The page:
I write to you from New York where I’ve been doing Bloomberg and met with a former employee of my Asset Management company now earning the big bucks in M&A in the big apple!
The British pound continues to face significant challenges, with the currency seeing significant volatility in recent years. This is likely to continue for some time.
The pandemic was especially hard on the UK economy, and this has weighed heavily on the pound. In March 2020, the pound sank to its lowest level against the US dollar in more than 30 years as the pandemic forced the UK into lockdown.
Two years later, the sterling is still going through a tough time. In fact, things look worse for the currency. In May 2022, the pound fell to around $1.1443, well below its pre-pandemic level. This is the first time in 37 years that UK importers are getting so little for their pound.
At the time of writing, we are heading to $1.11.
So, what does the future hold for the pound sterling? Is it time to buy the currency, or is a further decline on the cards?
To understand where the pound might be headed, it’s worth looking at its recent history. For most of the past decade, the sterling has been in a period of decline.
Before the pandemic struck, the key drivers of this were the UK’s decision to leave the European Union and concerns about the country’s economic prospects. These factors weighed heavily on the pound, causing it to fall by around 4.5 percent since 2016.
The pandemic then exacerbated the situation, as the UK was one of the worst-hit countries in Europe. This led to further concerns about the country’s economic prospects, and the pound fell to its lowest level against the US dollar since 1985.
The UK is now starting to recover from the pandemic, but the outlook for the economy is still uncertain. The country’s vaccination program is progressing well, and the government has set out a roadmap for easing lockdown restrictions.
However, there are still risks that the recovery could be derailed by a resurgence of the virus or further lockdown measures. This means that there is still considerable uncertainty about the pound’s future prospects.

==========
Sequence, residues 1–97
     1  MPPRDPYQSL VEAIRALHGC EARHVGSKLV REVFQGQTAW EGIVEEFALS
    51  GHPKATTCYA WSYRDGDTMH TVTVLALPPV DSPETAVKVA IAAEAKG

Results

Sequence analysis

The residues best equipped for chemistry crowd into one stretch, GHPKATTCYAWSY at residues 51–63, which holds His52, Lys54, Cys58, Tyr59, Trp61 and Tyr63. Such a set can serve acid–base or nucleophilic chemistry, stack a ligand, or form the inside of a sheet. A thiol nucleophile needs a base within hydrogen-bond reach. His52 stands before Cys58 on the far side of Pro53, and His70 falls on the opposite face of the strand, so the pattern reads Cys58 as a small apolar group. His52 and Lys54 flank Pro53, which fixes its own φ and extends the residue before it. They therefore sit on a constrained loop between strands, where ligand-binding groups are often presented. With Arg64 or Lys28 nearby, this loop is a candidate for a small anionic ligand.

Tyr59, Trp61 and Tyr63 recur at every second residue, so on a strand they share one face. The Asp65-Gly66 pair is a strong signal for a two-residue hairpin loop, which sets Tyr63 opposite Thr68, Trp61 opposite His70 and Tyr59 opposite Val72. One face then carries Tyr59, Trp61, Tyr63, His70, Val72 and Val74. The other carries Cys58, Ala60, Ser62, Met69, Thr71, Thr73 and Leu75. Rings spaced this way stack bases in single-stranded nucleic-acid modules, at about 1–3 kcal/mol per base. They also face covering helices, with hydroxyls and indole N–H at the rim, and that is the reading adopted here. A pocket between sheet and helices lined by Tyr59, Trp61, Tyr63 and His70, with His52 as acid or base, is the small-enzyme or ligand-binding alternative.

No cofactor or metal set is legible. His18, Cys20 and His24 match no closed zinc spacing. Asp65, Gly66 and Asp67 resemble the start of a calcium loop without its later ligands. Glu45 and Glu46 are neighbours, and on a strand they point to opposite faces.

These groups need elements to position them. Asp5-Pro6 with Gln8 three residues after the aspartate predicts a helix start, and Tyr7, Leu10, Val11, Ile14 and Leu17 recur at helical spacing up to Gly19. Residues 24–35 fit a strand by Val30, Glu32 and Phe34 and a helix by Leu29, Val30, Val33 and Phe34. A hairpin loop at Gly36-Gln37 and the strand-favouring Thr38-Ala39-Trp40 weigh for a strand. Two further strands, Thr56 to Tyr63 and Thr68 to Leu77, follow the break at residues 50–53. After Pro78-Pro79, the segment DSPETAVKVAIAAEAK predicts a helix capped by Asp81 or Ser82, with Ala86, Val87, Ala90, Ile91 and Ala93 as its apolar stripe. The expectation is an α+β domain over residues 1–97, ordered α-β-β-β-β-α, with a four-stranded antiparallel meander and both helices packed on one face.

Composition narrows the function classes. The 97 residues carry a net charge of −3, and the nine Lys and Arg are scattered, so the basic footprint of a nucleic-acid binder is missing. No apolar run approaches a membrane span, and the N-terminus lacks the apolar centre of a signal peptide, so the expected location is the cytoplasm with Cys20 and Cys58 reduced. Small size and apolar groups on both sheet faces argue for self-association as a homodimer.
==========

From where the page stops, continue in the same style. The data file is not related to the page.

Looking ahead, the key question is how the UK economy will perform in the coming months and years. If the country can avoid a double-dip recession and return to strong growth, then the pound is likely to recover.
However, if the recovery falters or the UK economy underperforms relative to other countries, then the pound could fall further. This is especially true if interest rates stay low, as this would make it less attractive for investors to hold sterling.
Overall, the outlook for the pound is uncertain. The currency has fallen sharply in recent years, and it remains well below its pre-pandemic level. Thus, there is a risk that it could fall further in the coming months and years.
However, the UK economy is starting to recover from the pandemic, and if this continues, then the pound could recover. Therefore, it could be worth buying sterling at its current level.
Bottom line (at last) – I’m a buyer. The takeovers will begin too by Americans and the foreign money is coming to invest at bargain prices.
This article is for educational purposes only. It is not a recommendation to buy or sell shares or other investments. Do your own research before buying or selling any investment or seek professional financial advice.